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China's sense of today and its view of tomorrow are both rooted in the past--and we need to understand that connection, says China scholar Charles Horner. In Rising China and Its Postmodern Fate, Horner offers a new interpretation of how China's changed view of its modern historical experience has also changed China's understanding of its long intellectual and cultural tradition. Spirited reevaluations of history, strategy, commerce, and literature are cooperating--and competing--to define the future. The capstone of modern China was the founding of the People's Republic in 1949 and its rejection of Confucianism, capitalism, and modernity. Yet today's rising China retains few vestiges of what Mao wrought. What then, Horner asks, is post-Mao, postmodern China? Where did it come from? How did it get here? Where is it going? Contemporary views of the great periods in Chinese history are having a significant influence on the development of rising China's national strategy, says Horner. He looks at the revival of interest in, and changing interpretations of, three dynasties--the Yuan (1272-1368), the Ming (1368-1644), and the Qing (1644-1912)--that, together with the People's Republic of China, provide examples of great power success. The future of every major country is now connected to China's, and this book explains how China, now seeing itself as the complex and thriving result of the old and the new, is poised to change the world.

Power And Glory

Author: He Li
Publisher: Asian Art Museum
ISBN: 9780939117437
Size: 72.94 MB
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The last native Chinese imperial lineage, the Ming dynasty epitomizes the glories of China's past. Ming means bright, and the term could not be more appropriate, since artwork in many mediums—among them painting, textiles, ceramics, and objects in jades and other stones, gold and other metals, enamel, lacquer, wood, and bamboo—achieved true brilliance during this splendid period. Roughly contemporaneous with the European Renaissance, the Ming dynasty produced comparable artistic achievements, but its depth and diversity have been too seldom explored. This Chinese art book, cataloguing the groundbreaking exhibition at the Asian Art Museum, offers a fresh look at the court arts of the Ming dynasty—featuring exceptional objects from the Palace Museum, Beijing; the Nanjing Municipal Museum; the Shanghai Museum; and the Asian Art Museum of San Francisco—many of which have never before been exhibited in the U.S. Power and Glory: Court Arts of China's Ming Dynasty is an essential reference for anyone who wishes to comprehend the historical development and enduring richness of Chinese court arts of the era.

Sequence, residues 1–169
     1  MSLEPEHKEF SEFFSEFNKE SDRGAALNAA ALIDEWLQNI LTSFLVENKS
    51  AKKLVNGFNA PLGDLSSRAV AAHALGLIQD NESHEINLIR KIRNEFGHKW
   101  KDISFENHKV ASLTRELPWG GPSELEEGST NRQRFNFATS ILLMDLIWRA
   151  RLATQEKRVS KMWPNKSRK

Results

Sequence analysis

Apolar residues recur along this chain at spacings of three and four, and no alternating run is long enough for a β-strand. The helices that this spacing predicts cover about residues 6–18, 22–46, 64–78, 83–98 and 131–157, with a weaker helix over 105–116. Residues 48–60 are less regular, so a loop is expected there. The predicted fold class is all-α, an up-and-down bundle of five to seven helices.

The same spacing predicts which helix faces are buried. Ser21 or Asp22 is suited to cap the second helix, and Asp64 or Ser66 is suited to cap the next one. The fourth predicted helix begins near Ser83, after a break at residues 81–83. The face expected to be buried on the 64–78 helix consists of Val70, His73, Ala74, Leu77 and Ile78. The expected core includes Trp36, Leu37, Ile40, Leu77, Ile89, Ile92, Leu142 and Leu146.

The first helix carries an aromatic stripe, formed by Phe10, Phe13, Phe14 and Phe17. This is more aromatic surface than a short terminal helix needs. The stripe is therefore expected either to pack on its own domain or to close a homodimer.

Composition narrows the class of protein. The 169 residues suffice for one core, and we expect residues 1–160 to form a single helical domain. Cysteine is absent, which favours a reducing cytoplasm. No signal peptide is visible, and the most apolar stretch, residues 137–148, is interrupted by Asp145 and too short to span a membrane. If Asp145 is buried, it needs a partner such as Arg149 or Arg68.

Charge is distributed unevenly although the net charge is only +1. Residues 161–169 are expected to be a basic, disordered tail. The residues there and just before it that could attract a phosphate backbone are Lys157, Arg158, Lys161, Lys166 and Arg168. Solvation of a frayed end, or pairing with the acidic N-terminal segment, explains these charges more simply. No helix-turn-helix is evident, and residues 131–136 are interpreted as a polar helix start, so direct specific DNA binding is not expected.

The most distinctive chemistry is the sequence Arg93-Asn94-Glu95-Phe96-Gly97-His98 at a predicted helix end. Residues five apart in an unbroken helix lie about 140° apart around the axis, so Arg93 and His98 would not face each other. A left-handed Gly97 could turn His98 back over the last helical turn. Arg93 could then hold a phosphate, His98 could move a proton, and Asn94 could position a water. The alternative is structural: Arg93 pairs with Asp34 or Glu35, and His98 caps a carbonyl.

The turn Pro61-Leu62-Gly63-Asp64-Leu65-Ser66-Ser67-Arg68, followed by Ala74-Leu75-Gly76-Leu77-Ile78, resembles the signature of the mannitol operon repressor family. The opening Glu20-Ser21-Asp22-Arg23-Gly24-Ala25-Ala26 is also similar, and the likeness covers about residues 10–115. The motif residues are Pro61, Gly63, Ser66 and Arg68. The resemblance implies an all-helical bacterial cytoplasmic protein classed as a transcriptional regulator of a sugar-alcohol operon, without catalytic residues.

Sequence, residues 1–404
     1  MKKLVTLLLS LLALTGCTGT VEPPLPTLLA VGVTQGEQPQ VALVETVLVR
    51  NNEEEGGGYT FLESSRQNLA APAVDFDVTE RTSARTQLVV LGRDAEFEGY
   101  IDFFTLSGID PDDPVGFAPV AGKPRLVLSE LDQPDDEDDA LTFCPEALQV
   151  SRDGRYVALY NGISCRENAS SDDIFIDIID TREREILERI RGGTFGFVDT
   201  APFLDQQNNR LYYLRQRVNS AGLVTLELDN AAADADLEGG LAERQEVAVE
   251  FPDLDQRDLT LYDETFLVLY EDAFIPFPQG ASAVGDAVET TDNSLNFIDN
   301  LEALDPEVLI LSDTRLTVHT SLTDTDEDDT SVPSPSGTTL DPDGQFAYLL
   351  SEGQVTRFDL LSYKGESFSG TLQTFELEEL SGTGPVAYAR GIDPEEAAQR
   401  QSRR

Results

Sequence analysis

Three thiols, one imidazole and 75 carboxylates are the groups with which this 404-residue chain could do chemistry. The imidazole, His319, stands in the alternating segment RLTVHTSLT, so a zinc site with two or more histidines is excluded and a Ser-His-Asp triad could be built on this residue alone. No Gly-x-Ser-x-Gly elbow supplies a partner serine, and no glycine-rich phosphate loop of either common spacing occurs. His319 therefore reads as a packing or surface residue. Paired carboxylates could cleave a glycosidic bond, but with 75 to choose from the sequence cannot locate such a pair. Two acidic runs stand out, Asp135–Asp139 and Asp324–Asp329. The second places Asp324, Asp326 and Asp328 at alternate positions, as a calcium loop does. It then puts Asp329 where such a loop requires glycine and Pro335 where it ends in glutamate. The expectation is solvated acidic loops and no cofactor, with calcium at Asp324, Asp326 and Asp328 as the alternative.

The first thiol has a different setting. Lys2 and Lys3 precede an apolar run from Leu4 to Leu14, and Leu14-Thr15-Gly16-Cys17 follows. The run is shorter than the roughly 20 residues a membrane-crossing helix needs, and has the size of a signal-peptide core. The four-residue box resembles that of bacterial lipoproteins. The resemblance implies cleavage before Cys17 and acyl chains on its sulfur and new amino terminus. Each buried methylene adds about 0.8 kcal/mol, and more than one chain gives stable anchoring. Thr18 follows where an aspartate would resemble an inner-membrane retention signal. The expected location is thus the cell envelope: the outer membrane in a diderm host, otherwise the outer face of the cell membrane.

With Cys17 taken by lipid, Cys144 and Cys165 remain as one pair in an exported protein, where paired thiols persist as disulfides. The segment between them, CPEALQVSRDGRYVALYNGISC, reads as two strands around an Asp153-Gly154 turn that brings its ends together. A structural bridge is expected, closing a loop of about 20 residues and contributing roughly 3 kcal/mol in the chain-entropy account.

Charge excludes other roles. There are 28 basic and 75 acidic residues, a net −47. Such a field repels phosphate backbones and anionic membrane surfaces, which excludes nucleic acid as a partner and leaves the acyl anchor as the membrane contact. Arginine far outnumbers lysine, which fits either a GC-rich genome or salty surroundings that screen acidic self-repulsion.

The Qing Dynasty And Traditional Chinese Culture

Author: Richard J. Smith
Publisher: Rowman & Littlefield
ISBN: 1442221941
Size: 80.14 MB
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The Qing dynasty (1636–1912)—a crucial bridge between “traditional” and “modern” China—was remarkable for its expansiveness and cultural sophistication. This engaging and insightful history of Qing political, social, and cultural life traces the complex interaction between the Inner Asian traditions of the Manchus, who conquered China in 1644, and indigenous Chinese cultural traditions. Noted historian Richard J. Smith argues that the pragmatic Qing emperors presented a “Chinese” face to their subjects who lived south of the Great Wall and other ethnic faces (particularly Manchu, Mongolian, Central Asian, and Tibetan) to subjects in other parts of their vast multicultural empire. They were attracted by many aspects of Chinese culture, but far from being completely “sinicized” as many scholars argue, they were also proud of their own cultural traditions and interested in other cultures as well. Setting Qing dynasty culture in historical and global perspective, Smith shows how the Chinese of the era viewed the world; how their outlook was expressed in their institutions, material culture, and customs; and how China’s preoccupation with order, unity, and harmony contributed to the civilization’s remarkable cohesiveness and continuity. Nuanced and wide-ranging, his authoritative book provides an essential introduction to late imperial Chinese culture and society.